Feeds:
Posts
Comments

Posts Tagged ‘organization’

This first appeared on November 16, 2009, as a feature at ScientificBlogging.com

No one draws pictures of heads with little gears or hydraulics inside any more. The modern conceptualization of the brain is firmly computational. The brain may be wet, squooshy, and easy to serve with an ice cream scooper, but it is nevertheless a computer.

However, there is a rather blaring difficulty with this view, and it is encapsulated in the following question: If our brains are computers, why doesn’t size matter? In the real world of computers, bigger tends to mean smarter. But this is not the case for animals: bigger brains are not generally smarter. Most of the brain size differences across mammals seem to make no behavioral difference at all to the animal.

Instead, the greatest driver of brain size is not how smart the animal is, but how big the animal is. Brain size doesn’t much matter – instead, it is body size that matters. That is not what one would expect of a computer in the head. Brain scientists have long known this. For example, take a look at the plot below showing how brain mass varies with body mass. You can see how tightly correlated they are. If one didn’t know that the brain was the thinking organ and consequently lobbed it into the same pile as the liver, heart and spleen (FYI, I keep my pile of organs in the crawl space), then one would not find it unusual that it increases so much with body size. Organs do that.

But the brain is supposed to be a computer of some strange kind. And yet it is acting just like a lowly organ. It gets bigger merely because the animal’s body is bigger, even though the animal may be no smarter. The plot below, from a 2007 article of mine (in Kaas JH (ed.) Evolution of Nervous Systems. Oxford, Elsevier) shows how behavioral complexity varies with brain mass. There is no correlation. Bigger and bigger brains, and seemingly doing nothing for the animal!

It has long been clear to neuroscientists that what does correlate nicely with animal intellgence is how high above the best-fit line a point is in the brain-versus-body plot we saw earlier. This is called the encephalization quotient, or EQ. It is simply a measure of how big the brain is once one has controlled for body size. EQ matches our intuitive ranking of mammalian intelligence, and in a 2003 paper (in the Journal of Theoretical Biology) I showed that it also matches quantitative measures of their intelligence (namely, the number of items in ethograms as measured by ethologists). The plot is shown below, where you can see that the number of behaviors in each of the mammalian orders rises strongly with EQ.

But although this is well known by neurobiologists, there is still no accepted answer to why brains get bigger with body size. Why should a cow have a brain 200 times larger than a roughly equally smart rat, or 10 times larger than a clearly-smarter house cat? One of my older research areas, in fact, aimed to explain why brains change in the ways they do as they grow in size from mouse to whale (http://www.changizi.com/changizi_lab.html#neocortex), and yet, embarrassingly, I have no idea why these brains are increasing with body size at all. If a dull-witted cow could just stick a tiny rat brain into its head and get all the behavioral complexity it needs, then brains would come in just one size, and I would have had no research to work on concerning the manner in which brains scale up in size.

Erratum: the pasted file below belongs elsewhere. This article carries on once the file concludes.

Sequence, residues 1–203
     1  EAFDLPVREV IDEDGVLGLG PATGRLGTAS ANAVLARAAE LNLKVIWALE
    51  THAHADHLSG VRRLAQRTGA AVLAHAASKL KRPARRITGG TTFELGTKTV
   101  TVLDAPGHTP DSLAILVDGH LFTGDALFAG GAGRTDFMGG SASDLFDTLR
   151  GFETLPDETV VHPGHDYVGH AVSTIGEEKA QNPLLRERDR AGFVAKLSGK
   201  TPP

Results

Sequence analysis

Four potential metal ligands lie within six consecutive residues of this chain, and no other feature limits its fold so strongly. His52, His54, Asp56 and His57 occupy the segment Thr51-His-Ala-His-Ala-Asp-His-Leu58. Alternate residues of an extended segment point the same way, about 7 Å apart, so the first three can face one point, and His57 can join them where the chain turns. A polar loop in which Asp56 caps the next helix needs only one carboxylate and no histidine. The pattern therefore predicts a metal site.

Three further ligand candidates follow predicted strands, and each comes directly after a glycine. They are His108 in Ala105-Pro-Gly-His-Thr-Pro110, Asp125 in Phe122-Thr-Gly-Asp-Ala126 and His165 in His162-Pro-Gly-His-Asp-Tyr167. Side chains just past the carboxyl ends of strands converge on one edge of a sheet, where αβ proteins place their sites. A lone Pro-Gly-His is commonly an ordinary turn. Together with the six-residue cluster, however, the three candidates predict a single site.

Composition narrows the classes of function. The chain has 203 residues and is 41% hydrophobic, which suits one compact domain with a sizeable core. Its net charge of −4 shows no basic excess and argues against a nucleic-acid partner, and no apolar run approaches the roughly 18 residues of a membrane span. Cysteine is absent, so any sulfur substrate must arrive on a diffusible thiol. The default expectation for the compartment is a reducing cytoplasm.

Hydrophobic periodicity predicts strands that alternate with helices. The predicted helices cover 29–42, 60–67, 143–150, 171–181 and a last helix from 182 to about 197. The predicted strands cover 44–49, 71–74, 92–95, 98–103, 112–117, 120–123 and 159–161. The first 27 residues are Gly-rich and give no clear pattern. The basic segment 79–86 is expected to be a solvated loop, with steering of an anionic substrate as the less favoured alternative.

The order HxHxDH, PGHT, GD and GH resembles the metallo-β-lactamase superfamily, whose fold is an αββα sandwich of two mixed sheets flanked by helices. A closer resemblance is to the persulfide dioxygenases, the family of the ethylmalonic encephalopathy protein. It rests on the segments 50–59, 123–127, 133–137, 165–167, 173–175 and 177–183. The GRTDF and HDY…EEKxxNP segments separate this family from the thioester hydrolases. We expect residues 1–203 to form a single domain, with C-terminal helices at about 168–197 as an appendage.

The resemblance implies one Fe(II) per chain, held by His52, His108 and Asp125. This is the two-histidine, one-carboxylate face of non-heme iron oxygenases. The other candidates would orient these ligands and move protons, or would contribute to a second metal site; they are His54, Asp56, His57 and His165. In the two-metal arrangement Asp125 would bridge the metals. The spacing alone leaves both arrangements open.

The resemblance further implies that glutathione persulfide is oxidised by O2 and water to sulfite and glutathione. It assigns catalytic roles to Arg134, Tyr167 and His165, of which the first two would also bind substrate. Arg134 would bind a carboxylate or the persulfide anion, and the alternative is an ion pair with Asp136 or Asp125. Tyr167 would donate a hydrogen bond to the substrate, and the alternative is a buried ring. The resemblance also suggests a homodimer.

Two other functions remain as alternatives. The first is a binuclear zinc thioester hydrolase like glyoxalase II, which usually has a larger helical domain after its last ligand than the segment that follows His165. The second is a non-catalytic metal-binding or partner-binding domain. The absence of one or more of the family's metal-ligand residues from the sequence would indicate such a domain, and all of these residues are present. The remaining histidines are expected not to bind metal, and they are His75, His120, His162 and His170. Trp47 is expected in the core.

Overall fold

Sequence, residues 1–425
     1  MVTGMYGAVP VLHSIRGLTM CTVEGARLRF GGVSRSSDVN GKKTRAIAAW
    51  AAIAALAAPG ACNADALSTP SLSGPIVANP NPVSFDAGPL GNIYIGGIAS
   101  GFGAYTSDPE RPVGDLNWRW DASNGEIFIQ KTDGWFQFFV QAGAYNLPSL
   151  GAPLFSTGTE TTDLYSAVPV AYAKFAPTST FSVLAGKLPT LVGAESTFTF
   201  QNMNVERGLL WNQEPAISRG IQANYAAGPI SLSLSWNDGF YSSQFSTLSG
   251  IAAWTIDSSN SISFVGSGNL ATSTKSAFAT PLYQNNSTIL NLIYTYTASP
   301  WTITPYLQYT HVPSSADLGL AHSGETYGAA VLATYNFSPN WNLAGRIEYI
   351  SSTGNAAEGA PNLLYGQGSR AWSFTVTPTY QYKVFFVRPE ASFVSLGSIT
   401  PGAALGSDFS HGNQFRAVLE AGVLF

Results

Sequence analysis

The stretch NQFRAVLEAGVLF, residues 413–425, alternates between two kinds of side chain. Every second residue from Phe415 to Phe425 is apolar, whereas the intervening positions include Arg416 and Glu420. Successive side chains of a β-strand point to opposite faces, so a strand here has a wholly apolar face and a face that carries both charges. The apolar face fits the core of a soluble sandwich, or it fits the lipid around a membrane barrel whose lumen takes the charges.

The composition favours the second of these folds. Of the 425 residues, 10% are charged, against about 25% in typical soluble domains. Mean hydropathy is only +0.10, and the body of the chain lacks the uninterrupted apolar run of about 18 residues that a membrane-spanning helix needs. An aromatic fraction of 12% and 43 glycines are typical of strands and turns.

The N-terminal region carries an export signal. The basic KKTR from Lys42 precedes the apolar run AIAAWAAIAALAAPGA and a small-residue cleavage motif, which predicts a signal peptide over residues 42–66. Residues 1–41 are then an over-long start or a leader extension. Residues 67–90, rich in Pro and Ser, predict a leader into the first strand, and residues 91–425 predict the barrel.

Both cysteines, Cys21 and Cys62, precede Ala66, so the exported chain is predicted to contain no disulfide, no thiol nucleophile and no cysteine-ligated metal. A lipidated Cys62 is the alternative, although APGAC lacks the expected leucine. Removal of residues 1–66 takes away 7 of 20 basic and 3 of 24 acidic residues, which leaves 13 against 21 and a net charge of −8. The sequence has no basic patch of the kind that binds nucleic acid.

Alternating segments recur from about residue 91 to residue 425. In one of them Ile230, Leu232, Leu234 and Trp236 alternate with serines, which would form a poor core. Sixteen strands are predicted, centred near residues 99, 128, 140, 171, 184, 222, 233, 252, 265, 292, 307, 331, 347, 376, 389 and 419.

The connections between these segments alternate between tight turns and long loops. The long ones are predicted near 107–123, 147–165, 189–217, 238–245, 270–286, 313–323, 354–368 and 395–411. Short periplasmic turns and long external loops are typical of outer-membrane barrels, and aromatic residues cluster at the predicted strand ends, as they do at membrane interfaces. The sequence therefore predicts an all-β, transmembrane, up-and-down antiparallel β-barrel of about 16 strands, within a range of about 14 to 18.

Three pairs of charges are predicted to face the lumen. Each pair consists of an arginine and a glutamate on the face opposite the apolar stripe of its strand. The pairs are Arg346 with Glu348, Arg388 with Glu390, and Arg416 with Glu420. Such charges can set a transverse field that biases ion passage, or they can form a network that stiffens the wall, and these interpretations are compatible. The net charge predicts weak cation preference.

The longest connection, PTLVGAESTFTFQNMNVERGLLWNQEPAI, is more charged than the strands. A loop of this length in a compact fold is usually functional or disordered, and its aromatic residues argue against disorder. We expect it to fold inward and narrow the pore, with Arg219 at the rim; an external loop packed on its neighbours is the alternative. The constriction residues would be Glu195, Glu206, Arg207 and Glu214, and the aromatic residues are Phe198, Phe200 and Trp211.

So, here’s a plan. I would like to hear your hypotheses for why brains increase so quickly with body mass (namely as the 3/4 power). I will let you know if the idea is new, and I will see if I can give your idea a good thrashing. What’s at stake here is our very framework for conceptualizing what the brain is. Perhaps you can say why it is a computer, and that greater body size brings in certain subtle computational demands that explain why brain volume should increase as it does with body mass. Or, more exciting, perhaps you can propose an altogether novel framework for thinking about the brain, one that makes the enigmatic “size matters” issue totally obvious.

To the comments!…

This is where the fun of the piece begins, because at ScientificBlogging.com there were more than 70 comments, all quite productive (no trolls). So, go here and scroll down to the comments.  …and leave one!

Mark Changizi is a professor of cognitive science at Rensselaer Polytechnic Institute, and the author of The Vision Revolution (Benbella Books).

o one draws pictures of heads with little gears or hydraulics inside any more. The modern conceptualization of the brain is firmly computational. The brain may be wet, squooshy, and easy to serve with an ice cream scooper, but it is nevertheless a computer.
However, there is a rather blaring difficulty with this view, and it is encapsulated in the following question: If our brains are computers, why doesn’t size matter? In the real world of computers, bigger tends to mean smarter. But this is not the case for animals: bigger brains are not generally smarter. Most of the brain size differences across mammals seem to make no behavioral difference at all to the animal.

Instead, the greatest driver of brain size is not how smart the animal is, but how big the animal is. Brain size doesn’t much matter – instead, it is body size that matters. That is not what one would expect of a computer in the head. Brain scientists have long known this. For example, take a look at the plot below showing how brain mass varies with body mass. You can see how tightly correlated they are. If one didn’t know that the brain was the thinking organ and consequently lobbed it into the same pile as the liver, heart and spleen (FYI, I keep my pile of organs in the crawl space), then one would not find it unusual that it increases so much with body size. Organs do that.